Right in the centre - Making the right moves


Ken Waddell

The Neppawa Banner

The PC Manitoba government is making some definite moves. Fortunately, most of them are moves the province needs. The latest is the rise in minimum wage. They are planning a 15 cent raise per hour on Oct. 1, 2017. Following that, wages will increase at the rate of inflation and that is a good thing. We have had constant and doggedly determined minimum wage increases for years with no regard to inflation or the employer’s ability to pay.


The NDP, and many others, argue that we need a $15 minimum wage. It’s obvious an arbitrary level, as $15 is the same wage being sought in California. The unions would love a higher minimum wage that they could use to bash employers to raise all other wages. The problem is that arbitrary wage increases don’t take into account inflation or anything else actually that may reflect the economy.

The proponents of a higher minimum wage and twice yearly wage increases don’t take a serious look at what happens when minimum wages are bumped up. Some of the increases goes to higher income taxes and employee deductions. Sometimes, employers find ways of reducing the number of workers or number of hours so as to lower the wage load on the businesses. Hours may be reduced or better equipment purchased. Hand labour may be replaced by bigger and faster machines. Kiosks and robotic service show up and that may cut down on labour costs and actual jobs.

There have also been cases where upward spiralling labour costs have forced business owners to cease operations. Businesses close all the time for various reasons, but labour costs are a big factor.

It would make a lot more sense, if a society and a government is truly concerned about lower income people, if the tax deduction threshold was raised. Manitobans pay taxes at a far lower income level than many other provinces and that adversely affects lower income people.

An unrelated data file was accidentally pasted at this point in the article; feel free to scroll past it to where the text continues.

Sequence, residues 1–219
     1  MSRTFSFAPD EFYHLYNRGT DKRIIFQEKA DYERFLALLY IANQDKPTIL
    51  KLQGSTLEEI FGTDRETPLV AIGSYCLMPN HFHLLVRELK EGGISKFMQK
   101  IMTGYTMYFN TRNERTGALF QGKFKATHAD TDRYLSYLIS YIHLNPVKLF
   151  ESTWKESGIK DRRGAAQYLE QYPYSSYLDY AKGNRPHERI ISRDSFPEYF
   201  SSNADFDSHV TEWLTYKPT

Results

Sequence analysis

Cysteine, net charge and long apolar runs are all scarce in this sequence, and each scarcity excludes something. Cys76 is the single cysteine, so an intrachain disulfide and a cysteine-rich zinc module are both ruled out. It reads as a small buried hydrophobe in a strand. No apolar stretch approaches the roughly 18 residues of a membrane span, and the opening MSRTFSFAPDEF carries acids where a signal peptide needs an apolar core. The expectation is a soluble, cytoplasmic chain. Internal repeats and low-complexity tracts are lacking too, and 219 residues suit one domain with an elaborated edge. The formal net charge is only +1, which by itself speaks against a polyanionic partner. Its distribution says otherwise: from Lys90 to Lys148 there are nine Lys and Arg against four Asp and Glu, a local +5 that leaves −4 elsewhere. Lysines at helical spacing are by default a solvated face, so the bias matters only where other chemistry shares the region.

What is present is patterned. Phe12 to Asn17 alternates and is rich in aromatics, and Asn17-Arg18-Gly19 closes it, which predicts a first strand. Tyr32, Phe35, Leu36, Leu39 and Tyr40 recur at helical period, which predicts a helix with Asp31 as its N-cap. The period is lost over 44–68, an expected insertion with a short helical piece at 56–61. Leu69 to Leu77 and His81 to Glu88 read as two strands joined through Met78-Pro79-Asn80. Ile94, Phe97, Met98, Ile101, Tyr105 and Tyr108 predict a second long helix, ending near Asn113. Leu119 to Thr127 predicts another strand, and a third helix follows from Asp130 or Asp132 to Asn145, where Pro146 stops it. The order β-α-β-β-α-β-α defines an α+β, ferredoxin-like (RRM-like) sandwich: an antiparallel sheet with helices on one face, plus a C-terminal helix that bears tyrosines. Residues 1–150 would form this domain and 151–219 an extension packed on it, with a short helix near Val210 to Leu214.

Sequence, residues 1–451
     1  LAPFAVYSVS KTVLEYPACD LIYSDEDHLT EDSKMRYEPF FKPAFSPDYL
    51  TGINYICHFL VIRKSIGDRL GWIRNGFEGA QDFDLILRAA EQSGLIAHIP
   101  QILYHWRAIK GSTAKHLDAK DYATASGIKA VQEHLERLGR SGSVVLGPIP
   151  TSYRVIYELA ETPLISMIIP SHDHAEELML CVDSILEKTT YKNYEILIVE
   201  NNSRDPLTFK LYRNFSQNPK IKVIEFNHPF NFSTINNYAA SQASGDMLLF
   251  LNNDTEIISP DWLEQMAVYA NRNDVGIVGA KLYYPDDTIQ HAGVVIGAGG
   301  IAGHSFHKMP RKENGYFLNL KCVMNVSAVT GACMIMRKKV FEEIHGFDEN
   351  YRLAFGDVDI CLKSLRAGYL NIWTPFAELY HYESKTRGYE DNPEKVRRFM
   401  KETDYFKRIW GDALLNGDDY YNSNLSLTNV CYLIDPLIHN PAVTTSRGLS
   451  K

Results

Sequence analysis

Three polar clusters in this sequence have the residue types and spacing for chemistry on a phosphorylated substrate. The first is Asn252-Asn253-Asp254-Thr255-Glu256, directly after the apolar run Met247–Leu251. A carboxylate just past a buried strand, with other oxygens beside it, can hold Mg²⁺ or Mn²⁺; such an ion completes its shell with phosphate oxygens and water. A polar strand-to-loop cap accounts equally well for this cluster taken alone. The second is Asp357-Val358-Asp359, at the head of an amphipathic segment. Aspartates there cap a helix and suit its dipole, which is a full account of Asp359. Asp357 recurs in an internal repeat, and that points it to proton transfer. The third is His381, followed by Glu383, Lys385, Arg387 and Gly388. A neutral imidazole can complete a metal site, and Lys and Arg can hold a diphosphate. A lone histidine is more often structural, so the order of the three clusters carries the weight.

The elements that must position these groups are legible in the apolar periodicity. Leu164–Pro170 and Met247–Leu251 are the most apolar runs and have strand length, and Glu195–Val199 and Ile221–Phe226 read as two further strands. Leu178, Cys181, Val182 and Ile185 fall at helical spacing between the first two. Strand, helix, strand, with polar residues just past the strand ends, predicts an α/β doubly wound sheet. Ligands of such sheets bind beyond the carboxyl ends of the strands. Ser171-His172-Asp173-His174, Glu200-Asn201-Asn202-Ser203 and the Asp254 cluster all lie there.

There has been renewed talk about a minimum income initiative. The 1970s’ Dauphin experiment has often been cited, where a minimum income was implemented for a few years. The topic keeps coming up, but it is a very complicated approach. What needs to happen is to determine the poverty level for an individual person. Once that is done, then the government should work towards not levying any federal or provincial income taxes against that level of income. Most people file income tax returns, so the government pretty much knows what everyone’s income is. If they fall below the minimum level, they get a rebate. 

That said, if a minimum income program comes into place, there would be no more social assistance payments.

All these wonderful things can be implemented but it will take a lot of thought and planning. It’s fine to implement a minimum income program, but do you do it for individuals or for families? Do you apply minimum income rules to both spouses and step it up depending on the number of children? Would minimum income eliminate child tax credits? Would minimum income be at a different level for different parts of the country? Would minimum income eliminate the need for subsidized day care? 

Would minimum income allow more parents to be stay at home moms and dads? That is happening a lot more as the cost of day care increases and the demand for spaces outstrips the supply. More and more families are leaving one parent at home as they consider the cost of day care, then all the extra costs of working outside the home.

Lots to consider both for individuals and governments but the key word is consider. If it is well thought out, a good solution can be found, be it at the individual or family levels or at a governmental level.